Wu Lab, Northern Illinois University
*** Update as of May 11, 2019 ***
To prospective graduate applicants: I have not confirmed my recruitment plans for the Class of 2020, but it is highly likely that I will recruit one incoming student for that cohort.
For information about the Clinical Psychology PhD program:
For information about the NIU Department of Psychology:
For information about our in-house training clinic, the Psychological Services Center:
My lab’s mission involves two related goals: (1) The pursuit of scholarly research in the hopes of better understanding human psychopathology and (2) The training of students for careers as clinical psychologists. The NIU training program identifies as a scientist-practitioner model program, which means to me that its purpose is to train clinical psychologists who are fully competent to critically evaluate and conduct scholarly research as well as to practice clinical psychology using empirically-supported methods. The closer the link between these two activities, the better. As such, the focus of the research done in the lab is on clinically-relevant issues and the clinical work performed is informed by the relevant empirical literature.
Graduate Student Recruitment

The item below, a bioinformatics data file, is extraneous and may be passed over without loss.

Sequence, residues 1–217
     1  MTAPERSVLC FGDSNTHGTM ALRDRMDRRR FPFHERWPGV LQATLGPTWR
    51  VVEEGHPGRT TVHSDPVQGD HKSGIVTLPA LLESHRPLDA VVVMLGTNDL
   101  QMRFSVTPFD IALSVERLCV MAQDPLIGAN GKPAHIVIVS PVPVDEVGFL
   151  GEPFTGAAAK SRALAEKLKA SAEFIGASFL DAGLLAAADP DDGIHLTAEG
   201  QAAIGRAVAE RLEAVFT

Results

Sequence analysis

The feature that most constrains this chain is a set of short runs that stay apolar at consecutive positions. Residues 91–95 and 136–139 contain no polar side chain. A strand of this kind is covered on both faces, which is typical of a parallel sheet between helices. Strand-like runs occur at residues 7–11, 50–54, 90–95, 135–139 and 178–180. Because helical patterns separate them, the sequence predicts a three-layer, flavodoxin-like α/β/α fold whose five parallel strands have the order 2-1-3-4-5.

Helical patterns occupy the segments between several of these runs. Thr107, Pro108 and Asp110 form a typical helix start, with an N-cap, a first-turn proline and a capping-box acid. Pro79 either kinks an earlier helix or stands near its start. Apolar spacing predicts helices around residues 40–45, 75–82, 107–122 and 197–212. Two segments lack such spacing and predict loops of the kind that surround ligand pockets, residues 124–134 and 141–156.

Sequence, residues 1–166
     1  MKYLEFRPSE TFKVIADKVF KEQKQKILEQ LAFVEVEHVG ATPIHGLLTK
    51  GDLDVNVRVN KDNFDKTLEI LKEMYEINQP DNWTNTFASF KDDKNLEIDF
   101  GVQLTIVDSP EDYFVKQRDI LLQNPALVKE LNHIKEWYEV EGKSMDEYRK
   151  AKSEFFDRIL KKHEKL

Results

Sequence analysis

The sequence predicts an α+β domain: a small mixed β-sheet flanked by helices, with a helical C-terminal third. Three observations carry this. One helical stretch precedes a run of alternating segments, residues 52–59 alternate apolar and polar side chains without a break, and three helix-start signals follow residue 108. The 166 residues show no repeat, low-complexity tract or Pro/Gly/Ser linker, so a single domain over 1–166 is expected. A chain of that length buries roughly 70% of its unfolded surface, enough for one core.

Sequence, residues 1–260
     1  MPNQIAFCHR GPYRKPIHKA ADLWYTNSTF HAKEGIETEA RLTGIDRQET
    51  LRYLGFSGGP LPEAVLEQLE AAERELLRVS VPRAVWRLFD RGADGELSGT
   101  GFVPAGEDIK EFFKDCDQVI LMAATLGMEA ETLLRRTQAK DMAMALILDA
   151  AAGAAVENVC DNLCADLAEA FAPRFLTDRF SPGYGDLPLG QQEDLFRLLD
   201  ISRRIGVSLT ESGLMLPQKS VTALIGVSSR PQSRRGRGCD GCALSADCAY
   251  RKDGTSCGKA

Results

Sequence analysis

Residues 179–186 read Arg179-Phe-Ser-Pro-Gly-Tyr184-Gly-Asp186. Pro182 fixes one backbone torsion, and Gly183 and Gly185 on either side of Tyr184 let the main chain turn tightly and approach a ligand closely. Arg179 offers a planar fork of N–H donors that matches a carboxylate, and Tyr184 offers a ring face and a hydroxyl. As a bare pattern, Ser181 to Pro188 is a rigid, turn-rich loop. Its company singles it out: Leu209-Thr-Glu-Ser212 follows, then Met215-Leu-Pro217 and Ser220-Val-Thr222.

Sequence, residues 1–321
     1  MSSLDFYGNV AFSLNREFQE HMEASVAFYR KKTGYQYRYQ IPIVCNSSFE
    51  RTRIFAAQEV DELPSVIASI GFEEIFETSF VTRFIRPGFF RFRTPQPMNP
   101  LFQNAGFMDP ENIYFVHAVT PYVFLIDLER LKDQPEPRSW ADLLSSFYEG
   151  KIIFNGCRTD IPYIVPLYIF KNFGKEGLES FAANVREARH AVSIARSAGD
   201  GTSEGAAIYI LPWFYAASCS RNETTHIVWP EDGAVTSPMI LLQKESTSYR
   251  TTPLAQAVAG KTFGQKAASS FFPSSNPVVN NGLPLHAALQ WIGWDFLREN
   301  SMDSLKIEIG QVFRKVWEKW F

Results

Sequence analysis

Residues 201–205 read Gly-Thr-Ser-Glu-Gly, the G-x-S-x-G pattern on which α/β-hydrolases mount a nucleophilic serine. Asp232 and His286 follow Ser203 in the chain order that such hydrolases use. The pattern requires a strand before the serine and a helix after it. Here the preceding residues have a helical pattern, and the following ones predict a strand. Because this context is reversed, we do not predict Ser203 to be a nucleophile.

Undertaking a PhD program in clinical psychology is a big deal and it takes a special skill set to both succeed and enjoy its rigors and challenges. Recruiting is about me trying to find applicants who are best-suited to meeting these challenges and who will genuinely embrace and enjoy the process. I typically welcome into the lab one incoming graduate student each Fall. Successful applicants are admitted to the clinical psychology doctoral training program at NIU, for which admission is highly competitive. Of course the numbers vary from year to year, but it is typical for us to receive ~200 applications (for 2017, we received 181) for an entering class that ranges from ~6-8. In a given year, anywhere from 25-45 students apply to work in my lab (for 2017, there were 36 applicants who listed being interested in my lab). These applicants represent exceptionally strong candidates for graduate training and I am fortunate to have several outstanding students working with me. The top applicants (generally, 40-45 overall to the program and 5 specific to my lab) are invited to our Interview Day in February and offers of admission are made soon thereafter. (Personally, I find this event to be an enjoyable experience all-around.) My graduate students are recruited nationally and have come to DeKalb from undergraduate institutions in (alphabetically) California, Florida, Illinois, Michigan, Minnesota, New York, North Dakota, Ohio, Pennsylvania, West Virginia, and Wisconsin. Each person is unique, but if there are similarities that run across the students who are most successful, these would include being intellectually sharp, highly conscientious and hard-working, emotionally grounded or "even," comfortable with increasing and appropriate independence, and genuinely motivated to pursue research. They are also kind, friendly, good-humored, and low-ego/low-entitlement people who work well together rather than in competition against each other. I encourage collaboration and am appreciative of this sense of "lab family." You will find a brief introduction to each lab member by visiting the relevant page on this website (links at left).